Mitchell Malloy is a junior at the Charles H. McCann Technical School. He’s already earned certifications by the Occupational Safety and Health Administration (OSHA) and the National Center for Construction Education and Research (NCCER).
When he’s not in school, he works on the side helping to install wiring in houses. At the end of November, he’ll be partnered with master electricians through McCann’s cooperative work program.
"They told me it would be a solid job. Everyone’s going to need an electrician," said Malloy, who said the hourly pay range is $15 to $20 to start.
"Here, you learn from the bottom up," said Malloy. His training in McCann’s electricity program prepares him for residential, commercial and industrial projects.
At the trade school, better known as McCann Tech, Principal Justin Kratz said programs are expanding, both in terms of vocational and academic curricula, to "provide everything students need to be successful at college or in the workplace."
McCann serves 506 students in Grades 9 through 12, and 58 students through its post-secondary programs.
"Vocational education has changed drastically over the years," said Kratz, who is new to the position of principal this year.
He said the state is in the process of revising and adopting new vocational frameworks for all the shop areas, from metal fabrication to automotive. Kratz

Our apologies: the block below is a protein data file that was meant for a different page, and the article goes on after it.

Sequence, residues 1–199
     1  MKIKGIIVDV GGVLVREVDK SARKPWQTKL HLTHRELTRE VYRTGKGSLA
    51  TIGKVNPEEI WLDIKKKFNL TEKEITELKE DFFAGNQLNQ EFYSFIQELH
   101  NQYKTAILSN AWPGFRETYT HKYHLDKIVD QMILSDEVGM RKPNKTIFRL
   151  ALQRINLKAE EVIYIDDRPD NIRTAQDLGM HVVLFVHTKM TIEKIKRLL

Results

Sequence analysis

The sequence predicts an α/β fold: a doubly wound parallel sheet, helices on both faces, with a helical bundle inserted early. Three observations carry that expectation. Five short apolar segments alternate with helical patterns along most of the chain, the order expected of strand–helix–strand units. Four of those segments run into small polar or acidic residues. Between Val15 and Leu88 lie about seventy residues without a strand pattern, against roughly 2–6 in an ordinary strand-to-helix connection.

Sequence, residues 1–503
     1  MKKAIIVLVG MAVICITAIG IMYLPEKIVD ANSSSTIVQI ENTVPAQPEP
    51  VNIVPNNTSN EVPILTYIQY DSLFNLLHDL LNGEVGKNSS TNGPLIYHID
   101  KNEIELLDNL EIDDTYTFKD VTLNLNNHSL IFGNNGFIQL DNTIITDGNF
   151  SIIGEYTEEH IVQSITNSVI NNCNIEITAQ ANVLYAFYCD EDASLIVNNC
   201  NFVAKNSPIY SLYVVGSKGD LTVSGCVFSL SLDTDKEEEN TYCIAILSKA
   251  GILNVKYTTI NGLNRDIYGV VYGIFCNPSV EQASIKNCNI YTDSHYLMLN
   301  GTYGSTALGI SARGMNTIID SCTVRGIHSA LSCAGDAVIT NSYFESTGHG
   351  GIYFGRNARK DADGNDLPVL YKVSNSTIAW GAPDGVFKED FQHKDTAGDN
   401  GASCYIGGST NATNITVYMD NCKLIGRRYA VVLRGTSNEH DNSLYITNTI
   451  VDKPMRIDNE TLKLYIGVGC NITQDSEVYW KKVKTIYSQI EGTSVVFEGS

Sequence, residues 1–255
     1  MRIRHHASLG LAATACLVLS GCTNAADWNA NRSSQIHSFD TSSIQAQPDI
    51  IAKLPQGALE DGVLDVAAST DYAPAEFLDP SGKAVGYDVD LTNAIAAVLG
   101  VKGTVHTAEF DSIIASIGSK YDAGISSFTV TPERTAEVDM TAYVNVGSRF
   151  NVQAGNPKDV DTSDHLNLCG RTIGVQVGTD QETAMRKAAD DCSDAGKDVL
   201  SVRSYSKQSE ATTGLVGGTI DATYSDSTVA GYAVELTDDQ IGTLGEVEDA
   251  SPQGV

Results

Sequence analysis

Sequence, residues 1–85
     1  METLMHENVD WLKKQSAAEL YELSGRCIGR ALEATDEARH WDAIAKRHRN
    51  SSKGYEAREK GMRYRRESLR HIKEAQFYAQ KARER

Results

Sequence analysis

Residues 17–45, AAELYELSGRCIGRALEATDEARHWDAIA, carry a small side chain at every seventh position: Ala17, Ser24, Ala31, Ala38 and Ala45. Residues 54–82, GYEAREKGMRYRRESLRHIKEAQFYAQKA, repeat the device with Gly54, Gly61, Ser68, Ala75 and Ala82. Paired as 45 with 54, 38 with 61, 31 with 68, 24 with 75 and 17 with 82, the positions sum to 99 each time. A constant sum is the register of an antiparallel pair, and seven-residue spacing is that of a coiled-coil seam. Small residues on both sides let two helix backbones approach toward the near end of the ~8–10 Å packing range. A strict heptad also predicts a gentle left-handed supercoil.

This year, McCann added Advanced Placement (AP) English to its academic offerings. Last year, the school added AP Calculus. The addition of an AP Biology course is being planned for next year.
"We’re beefing up our honors course offerings," Kratz said.
The school also challenges students through its annual senior projects program. Students, like Michelle Briggs, are charged with creating an original project to show in the spring. Briggs, who is a senior in the computer assisted design (CAD) program, is designing a house, from floor plan to cost analysis.
"The goal is, if someone looks at the project, they will actually have all the information they need to be able to build the house," Briggs said.
Beyond curriculum, the school also made some renovations over the summer by updating and restructuring the post-secondary cosmetology lab, installing new lockers and replacing cafeteria room furniture.
All of this was presented last month during McCann’s annual Showcase for Success open house event.
"It’s great to be able to show the public what we do," said Richard Bergendahl, who teaches in the information technology department.
One of his students, sophomore Noelle Gageant, was able to present to visitors everything from how to run an operating system in various computers to the construction of circuits in a computer’s motherboard -- things she said she’s been interested in since age 6.
"Here, I’ve found so many people that are like me," she said, "We get a lot done."